CNY Orthopedic Sports Medicine, PC: Treatment: Bursitis
 
Injuries and Conditions: Knee: Bursitis: Treatment Options
 
Overview
The pain and discomfort associated with bursitis can vary widely from patient to patient and depends upon the severity and the chronicity of the condition. Some patients may experience minor soreness while others experience a very severe and debilitating pain. In each case, treatment is essentially the same, although the length of time for recovery will vary according to the severity of the bursitis.
  • Bursitis typically does not require surgery, treatment is generally limited to the use of R.I.C.E (rest, ice, compression, elevation) physical therapy and the use of anti-inflammatories.
  • Patients who seek treatment and follow therapy instructions can expect a full recovery, sometimes in less than three weeks.
  • More inflamed and severe cases of bursitis may require an aspiration and/or injection of steroid medications of the bursa. Aspiration is a process in which some of the fluid is removed from the bursa with a syringe and needle.
  • Identifying the activities that inflame the bursa, followed by modifying or eliminating the injury producing activities is the most critical step in treating the patient.
     



  • Non-Surgical Treatment: Conservative Treatment of Bursitis

    The pain and discomfort associated with bursitis can vary widely from patient to patient and depends upon the severity and the chronicity of the condition. Some patients may experience minor soreness while others experience a very severe and debilitating pain. In each case, treatment is essentially the same, although the length of time for recovery will vary according to the severity of the bursitis.

  • Bursitis does not require surgery, treatment is typically limited to the use of R.I.C.E (rest, ice, compression, elevation) and physical therapy.
  • Patients who seek treatment and follow therapy instructions can expect a full recovery, sometimes in less than three weeks.
  • More inflamed and severe cases of bursitis may require an aspiration and/or injection of steroid medications of the bursa. Aspiration is a process in which some of the fluid is removed from the bursa.
  • Identifying the activities that inflame the bursa, followed by modifying or eliminating the injury producing activities is the most critical step in treating the patient.


  • Non-Surgical Product Considerations

    Knee: Compression Sleeves
    Knee compression sleeves give added support, increasing stability and helping to reduce swelling in an injured knee. Patients that have light sprains may be directed to use a compression sleeve during the early stages of rehabilitation. Other patients that have ongoing knee problems or chronic conditions may be recommended to use a sleeve on a daily basis. These sleeves are less restricting than most other knee supports and can be worn under loose fitting clothing.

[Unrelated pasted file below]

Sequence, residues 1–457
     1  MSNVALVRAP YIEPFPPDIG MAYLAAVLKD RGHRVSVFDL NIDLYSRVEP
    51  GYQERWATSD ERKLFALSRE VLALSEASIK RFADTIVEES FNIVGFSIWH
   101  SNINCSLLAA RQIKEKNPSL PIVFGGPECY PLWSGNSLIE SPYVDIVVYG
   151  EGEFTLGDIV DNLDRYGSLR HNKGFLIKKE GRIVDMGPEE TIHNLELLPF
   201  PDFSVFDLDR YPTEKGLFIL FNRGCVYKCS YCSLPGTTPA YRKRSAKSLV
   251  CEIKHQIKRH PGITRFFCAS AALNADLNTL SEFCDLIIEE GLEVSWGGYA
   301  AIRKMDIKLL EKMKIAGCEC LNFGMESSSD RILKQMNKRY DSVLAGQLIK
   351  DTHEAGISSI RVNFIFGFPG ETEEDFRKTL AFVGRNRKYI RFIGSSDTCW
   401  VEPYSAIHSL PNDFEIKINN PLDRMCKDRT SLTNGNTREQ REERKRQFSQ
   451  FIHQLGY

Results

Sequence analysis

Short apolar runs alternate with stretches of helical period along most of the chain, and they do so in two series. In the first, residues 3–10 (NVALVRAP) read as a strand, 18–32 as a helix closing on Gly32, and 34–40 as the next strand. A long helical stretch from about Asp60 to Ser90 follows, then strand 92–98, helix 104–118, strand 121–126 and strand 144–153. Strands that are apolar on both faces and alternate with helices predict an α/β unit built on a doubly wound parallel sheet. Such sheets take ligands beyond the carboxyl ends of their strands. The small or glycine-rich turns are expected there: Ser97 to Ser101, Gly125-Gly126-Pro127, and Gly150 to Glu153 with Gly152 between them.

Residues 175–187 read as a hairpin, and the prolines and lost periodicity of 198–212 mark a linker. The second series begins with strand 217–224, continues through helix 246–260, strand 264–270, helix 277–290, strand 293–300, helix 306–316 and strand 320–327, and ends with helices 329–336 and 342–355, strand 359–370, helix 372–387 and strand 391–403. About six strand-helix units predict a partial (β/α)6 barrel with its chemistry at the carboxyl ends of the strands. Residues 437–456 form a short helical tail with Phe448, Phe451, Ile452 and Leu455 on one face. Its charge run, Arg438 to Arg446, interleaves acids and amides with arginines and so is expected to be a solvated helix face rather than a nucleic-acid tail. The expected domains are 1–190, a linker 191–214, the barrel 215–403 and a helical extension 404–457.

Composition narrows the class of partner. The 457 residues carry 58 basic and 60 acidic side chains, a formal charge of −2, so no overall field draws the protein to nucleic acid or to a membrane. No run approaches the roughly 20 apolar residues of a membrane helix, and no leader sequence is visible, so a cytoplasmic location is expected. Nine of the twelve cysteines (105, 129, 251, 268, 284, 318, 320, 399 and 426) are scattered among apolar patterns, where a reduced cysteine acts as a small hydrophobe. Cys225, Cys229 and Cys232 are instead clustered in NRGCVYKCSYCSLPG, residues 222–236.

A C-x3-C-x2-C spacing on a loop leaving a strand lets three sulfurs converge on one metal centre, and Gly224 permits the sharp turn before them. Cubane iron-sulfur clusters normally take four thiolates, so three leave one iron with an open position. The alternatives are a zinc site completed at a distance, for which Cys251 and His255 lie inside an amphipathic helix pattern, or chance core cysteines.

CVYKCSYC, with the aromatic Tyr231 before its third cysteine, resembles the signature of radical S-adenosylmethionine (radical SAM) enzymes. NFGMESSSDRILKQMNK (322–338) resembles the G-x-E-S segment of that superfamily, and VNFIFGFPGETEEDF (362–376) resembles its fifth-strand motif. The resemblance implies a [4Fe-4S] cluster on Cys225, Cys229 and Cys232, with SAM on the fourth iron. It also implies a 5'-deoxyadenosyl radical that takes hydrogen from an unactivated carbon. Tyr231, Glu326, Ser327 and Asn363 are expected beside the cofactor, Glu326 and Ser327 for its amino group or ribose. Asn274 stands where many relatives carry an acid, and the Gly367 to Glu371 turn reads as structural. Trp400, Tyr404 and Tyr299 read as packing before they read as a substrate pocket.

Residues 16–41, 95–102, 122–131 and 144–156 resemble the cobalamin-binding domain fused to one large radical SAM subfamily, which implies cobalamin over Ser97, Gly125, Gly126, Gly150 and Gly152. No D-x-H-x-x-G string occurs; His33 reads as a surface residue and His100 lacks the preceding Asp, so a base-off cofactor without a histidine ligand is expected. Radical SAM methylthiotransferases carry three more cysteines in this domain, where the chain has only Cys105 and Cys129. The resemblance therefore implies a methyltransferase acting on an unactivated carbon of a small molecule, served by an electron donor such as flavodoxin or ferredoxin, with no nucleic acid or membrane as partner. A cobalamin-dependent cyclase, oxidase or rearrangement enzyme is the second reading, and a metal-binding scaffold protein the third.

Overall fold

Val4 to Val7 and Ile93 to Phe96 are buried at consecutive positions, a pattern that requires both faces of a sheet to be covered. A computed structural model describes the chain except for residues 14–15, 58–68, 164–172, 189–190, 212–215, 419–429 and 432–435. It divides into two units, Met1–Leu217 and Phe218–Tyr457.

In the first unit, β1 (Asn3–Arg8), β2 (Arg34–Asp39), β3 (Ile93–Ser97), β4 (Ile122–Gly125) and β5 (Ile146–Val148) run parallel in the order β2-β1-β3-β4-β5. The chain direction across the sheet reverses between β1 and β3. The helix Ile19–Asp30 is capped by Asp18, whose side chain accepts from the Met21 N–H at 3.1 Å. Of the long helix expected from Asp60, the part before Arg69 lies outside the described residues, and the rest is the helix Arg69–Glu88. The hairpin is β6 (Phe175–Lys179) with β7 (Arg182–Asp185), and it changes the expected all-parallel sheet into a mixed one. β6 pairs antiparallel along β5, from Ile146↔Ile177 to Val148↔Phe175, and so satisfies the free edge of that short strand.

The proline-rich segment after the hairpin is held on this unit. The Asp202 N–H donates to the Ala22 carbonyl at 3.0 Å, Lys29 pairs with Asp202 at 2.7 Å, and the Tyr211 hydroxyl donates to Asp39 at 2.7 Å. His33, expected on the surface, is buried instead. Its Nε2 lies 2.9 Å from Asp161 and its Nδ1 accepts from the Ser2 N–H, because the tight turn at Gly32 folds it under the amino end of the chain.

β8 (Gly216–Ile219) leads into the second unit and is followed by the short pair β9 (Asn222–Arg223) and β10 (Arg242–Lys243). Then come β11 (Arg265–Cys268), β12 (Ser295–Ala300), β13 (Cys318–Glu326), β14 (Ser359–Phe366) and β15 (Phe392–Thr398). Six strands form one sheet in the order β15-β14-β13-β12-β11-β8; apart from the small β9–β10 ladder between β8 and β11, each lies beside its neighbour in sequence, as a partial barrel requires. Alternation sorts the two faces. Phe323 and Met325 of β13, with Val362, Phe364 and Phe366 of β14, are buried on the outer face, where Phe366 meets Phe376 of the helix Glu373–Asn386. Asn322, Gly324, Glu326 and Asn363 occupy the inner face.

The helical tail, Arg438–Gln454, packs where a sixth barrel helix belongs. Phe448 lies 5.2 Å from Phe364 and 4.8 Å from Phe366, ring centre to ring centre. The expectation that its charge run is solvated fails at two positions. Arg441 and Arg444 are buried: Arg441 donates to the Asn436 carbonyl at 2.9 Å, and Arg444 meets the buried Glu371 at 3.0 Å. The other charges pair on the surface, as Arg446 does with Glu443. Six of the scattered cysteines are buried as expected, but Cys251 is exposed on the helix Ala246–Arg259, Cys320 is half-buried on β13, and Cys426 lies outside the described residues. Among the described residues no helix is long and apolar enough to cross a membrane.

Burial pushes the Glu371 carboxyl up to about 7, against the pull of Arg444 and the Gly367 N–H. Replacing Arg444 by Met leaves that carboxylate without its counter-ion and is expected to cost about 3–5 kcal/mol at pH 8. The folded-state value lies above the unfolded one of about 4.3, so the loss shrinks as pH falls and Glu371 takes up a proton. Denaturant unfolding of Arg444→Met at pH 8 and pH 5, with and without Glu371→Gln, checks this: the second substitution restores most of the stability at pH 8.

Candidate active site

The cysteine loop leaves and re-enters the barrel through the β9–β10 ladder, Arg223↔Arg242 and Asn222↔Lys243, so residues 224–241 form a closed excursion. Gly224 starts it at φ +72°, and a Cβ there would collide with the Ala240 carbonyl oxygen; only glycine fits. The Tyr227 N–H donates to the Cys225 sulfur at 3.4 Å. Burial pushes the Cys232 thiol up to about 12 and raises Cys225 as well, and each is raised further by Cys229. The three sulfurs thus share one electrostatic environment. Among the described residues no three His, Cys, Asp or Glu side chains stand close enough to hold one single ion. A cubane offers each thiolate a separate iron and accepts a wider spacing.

Knee compression sleeves can be used to treat:

  • Light swelling.
  • Light knee strains.
  • Chronic inflammation.
  • Degenerative joint disease.

  • Knee: Support
    A knee support is a sleeve-like support that fits firmly around the knee. The support is used to reinforce the joint during motion and provide compression to aid healing and reduce pain and swelling. Patients suffering from knee strains or inflammation will usually be directed to use a support during daily activities.

    The thin and flexible construction of the support allows for normal movement of the knee and also allows the support to be worn under loose fitting clothing. To prevent harmful pressure to certain structures, the support applies differing compression around the knee. The sides of the joint receive intermittent pressure to help stimulate blood flow while the rear of the support fits relatively loose to prevent constriction of circulation. The kneecap is aided in positioning, but remains free of compression to allow its natural movement.

    Knee supports can be used to treat:

  • Strains
  • Sprains
  • Inflammation
  • Chondromalacia patella
  • NSAIDs
    NSAIDs (Nonsteroidal Anti-Inflammatory Drugs) are a group of drugs used to control pain. This category of medications includes both prescription and common over-the-counter painkillers such as ibuprofen. NSAIDs are effective for many types of pain that can occur because of inflammation of muscles, joints and bones. The drugs work quickly and people often notice some benefit within a few hours of taking the tablet. However, the complete effectiveness of the drug may not be realized for up to four weeks. For each individual, some varieties of NSAIDs are more effective than others. Often, patients will find that one or two varieties are helpful whereas others may not be as effective in controlling symptoms. It is usually necessary to try several brands and continue with the one that is most suitable. NSAIDs can be used to treat:
  • Pain resulting from inflammation or swelling.
  • Pain after injury.
  • Joint pain and arthritis.

  • Surgical Hardware Considerations
    This condition does not require surgical hardware.


     
    Factors in Transplant Source
    This condition does not require the transplant of tissue.


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